The community will soon get a chance to comment on whether a temporary cricket field near the Innovation Center Metro station should be opened up to affordable housing proposals, even as the search for a replacement athletic facility continues.
The Board of Supervisors voted 9-1 yesterday (Tuesday) to schedule a public hearing on the proposed transfer of county-owned land at 13500 Dulles Greene Drive for Oct. 24 at 4:30 p.m.
While no specific development proposals have been made public yet, the Fairfax County Redevelopment and Housing Authority sees the approximately 9.6-acre site as an opportunity to add affordable housing in a growing area close to transit, according to county staff.
The future project would also feature a 10-foot-wide, shared-use trail connecting the Metro station to residential neighborhoods to the east.
“There is a critical need in the Dulles Corridor for the creation of housing opportunities for low- to moderate-income households,” staff said in a memo to the board. “The FCRHA is evaluating measures to leverage this underutilized property for development of affordable multifamily rental housing by partnering with a private developer.”
The property is located in walking distance of the Metro station’s north entrance, and the Fairfax County Department of Transportation plans to add a 10-foot-wide, shared-use asphalt path along its perimeter to connect the neighborhoods to the east to the station.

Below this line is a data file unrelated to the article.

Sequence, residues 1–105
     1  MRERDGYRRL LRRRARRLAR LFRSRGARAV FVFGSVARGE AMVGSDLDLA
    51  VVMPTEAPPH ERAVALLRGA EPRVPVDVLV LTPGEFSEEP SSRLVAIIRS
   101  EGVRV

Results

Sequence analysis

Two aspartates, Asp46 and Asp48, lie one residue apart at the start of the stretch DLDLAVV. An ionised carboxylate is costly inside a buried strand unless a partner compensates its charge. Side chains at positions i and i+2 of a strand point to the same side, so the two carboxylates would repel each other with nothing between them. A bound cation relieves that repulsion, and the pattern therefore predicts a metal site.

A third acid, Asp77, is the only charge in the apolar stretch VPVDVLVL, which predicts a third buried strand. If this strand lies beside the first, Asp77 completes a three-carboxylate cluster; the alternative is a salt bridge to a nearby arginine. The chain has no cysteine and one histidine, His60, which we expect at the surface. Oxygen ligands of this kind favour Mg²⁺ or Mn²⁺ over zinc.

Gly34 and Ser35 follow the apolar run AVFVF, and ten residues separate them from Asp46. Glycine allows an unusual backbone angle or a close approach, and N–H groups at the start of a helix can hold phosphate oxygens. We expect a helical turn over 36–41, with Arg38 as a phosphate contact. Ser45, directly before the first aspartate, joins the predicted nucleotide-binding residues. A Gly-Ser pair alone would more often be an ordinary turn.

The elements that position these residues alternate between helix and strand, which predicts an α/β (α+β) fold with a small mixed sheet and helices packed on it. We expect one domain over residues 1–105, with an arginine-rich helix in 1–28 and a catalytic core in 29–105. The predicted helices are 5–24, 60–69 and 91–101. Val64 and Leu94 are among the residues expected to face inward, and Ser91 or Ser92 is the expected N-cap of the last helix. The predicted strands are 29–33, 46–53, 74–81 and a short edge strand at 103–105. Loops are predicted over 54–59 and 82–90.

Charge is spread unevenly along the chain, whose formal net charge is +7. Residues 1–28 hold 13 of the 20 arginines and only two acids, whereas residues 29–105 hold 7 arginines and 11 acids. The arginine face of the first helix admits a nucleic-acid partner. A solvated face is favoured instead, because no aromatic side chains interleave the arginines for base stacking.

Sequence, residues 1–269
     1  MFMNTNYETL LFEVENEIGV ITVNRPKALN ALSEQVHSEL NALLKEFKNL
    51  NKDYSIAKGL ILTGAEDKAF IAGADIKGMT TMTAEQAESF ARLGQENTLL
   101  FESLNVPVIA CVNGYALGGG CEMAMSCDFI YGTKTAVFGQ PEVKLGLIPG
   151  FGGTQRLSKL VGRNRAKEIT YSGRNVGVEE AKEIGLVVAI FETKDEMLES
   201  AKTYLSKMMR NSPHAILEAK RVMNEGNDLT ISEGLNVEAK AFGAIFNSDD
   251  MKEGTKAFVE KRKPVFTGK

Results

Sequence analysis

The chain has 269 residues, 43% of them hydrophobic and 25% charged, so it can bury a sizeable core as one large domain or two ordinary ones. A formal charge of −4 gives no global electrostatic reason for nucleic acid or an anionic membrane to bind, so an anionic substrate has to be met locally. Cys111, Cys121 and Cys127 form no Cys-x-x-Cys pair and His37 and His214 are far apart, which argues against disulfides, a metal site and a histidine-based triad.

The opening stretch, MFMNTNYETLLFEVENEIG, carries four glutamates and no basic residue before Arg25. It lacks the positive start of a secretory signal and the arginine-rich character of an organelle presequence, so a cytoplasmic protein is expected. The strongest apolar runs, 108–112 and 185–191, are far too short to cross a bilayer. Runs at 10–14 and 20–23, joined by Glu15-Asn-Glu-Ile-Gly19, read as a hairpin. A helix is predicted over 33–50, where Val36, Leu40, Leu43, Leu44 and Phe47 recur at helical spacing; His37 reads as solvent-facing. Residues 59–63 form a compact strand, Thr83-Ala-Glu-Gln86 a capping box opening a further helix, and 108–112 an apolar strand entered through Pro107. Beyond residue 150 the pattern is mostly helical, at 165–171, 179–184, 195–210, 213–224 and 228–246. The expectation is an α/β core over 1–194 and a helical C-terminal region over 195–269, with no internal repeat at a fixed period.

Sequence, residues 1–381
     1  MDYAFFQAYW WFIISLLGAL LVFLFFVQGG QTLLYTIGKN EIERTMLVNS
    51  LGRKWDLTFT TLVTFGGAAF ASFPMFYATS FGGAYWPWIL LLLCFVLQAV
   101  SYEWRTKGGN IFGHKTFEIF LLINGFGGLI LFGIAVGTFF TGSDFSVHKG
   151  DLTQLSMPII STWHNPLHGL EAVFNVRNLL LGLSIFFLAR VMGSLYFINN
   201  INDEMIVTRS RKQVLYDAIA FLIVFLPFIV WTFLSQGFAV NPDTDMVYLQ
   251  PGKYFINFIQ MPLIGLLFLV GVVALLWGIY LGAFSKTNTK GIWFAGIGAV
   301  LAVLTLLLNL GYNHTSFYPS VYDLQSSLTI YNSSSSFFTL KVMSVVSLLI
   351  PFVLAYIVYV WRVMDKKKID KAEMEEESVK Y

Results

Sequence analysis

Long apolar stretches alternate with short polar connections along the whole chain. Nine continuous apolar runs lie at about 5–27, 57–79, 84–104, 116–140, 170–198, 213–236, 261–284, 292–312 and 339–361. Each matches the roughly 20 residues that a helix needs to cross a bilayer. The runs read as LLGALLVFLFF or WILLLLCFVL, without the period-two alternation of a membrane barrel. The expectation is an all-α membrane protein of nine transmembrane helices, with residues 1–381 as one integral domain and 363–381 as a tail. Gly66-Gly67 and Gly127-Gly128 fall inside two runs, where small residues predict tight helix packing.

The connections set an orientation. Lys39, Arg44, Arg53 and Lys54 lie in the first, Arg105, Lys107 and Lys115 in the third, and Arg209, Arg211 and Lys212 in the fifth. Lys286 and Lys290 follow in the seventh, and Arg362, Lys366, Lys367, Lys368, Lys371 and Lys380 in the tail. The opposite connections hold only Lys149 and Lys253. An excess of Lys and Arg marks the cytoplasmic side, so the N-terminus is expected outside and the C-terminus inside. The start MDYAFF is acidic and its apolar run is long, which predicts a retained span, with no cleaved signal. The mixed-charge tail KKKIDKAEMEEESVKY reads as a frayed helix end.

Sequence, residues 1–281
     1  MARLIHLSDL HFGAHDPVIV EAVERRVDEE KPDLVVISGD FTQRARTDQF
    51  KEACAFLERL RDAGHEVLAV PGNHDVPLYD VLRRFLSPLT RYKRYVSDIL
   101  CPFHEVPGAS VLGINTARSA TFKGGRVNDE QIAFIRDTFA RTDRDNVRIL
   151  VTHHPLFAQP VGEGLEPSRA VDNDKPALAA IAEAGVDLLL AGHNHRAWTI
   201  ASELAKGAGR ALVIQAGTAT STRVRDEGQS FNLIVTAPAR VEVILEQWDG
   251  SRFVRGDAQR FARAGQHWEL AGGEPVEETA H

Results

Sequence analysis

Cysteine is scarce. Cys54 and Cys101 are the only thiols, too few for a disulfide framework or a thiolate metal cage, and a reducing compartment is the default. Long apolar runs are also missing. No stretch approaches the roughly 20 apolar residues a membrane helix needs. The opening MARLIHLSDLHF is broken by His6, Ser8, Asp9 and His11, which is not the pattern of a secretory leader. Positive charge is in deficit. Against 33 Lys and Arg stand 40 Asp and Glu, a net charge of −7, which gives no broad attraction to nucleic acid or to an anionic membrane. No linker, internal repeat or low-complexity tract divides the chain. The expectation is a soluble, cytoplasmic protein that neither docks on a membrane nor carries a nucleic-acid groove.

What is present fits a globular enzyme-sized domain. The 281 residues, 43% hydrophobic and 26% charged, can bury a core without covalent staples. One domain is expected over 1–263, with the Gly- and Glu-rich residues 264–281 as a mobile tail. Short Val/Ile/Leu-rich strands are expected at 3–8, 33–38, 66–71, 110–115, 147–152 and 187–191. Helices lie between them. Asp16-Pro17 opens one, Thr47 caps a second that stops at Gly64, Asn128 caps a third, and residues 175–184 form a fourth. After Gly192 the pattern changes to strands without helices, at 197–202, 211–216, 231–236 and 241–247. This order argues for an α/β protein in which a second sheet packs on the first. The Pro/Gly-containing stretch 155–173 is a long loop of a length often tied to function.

The site is currently undeveloped except for the Dulles Greene Cricket Ground, a regulation-sized cricket field operated by Fairfax County Neighborhood and Community Services and maintained by the Capital Cricket Premier League.
County staff are “actively engaged” with the Fairfax County Park Authority to find an alternative site that cricket players can use if the field is redeveloped, but no locations have been identified yet, they told Springfield District Supervisor Pat Herrity, who voted against scheduling the public hearing.
The search for a permanent cricket facility in the area is “in a holding pattern” while the park authority solicits proposals for a multi-sports complex, according to Dranesville District Supervisor John Foust, who represents the Herndon area.
“Once the responses come in, assuming that we don’t give all that land away, there will be an opportunity to hopefully move the cricket field to these other locations,” Foust said.
Sites suggested in the request for proposals include Mountain Road and Halifax parks in Centreville, Rock Hill Park in Chantilly, and Patriot Park East near George Mason University’s campus. Patriot Park North — a $28 million baseball and softball complex that opened in April — represented the county’s first project under a sports tourism initiative championed by Herrity.
GMU may add a cricket facility of its own. The university has partnered with Major League Cricket to study the possibility of a joint cricket-and-baseball facility, though county leaders expressed concern earlier this year about potential traffic and community impacts.
Before Tuesday’s vote, Foust noted that the Dulles Greene field was always intended to be temporary.
“We spent $6 billion on Dulles rail,” Foust said, referring to the Metro Silver Line extension that opened last November. “This is almost immediately adjacent to the station, perfect opportunity for an affordable housing development.”
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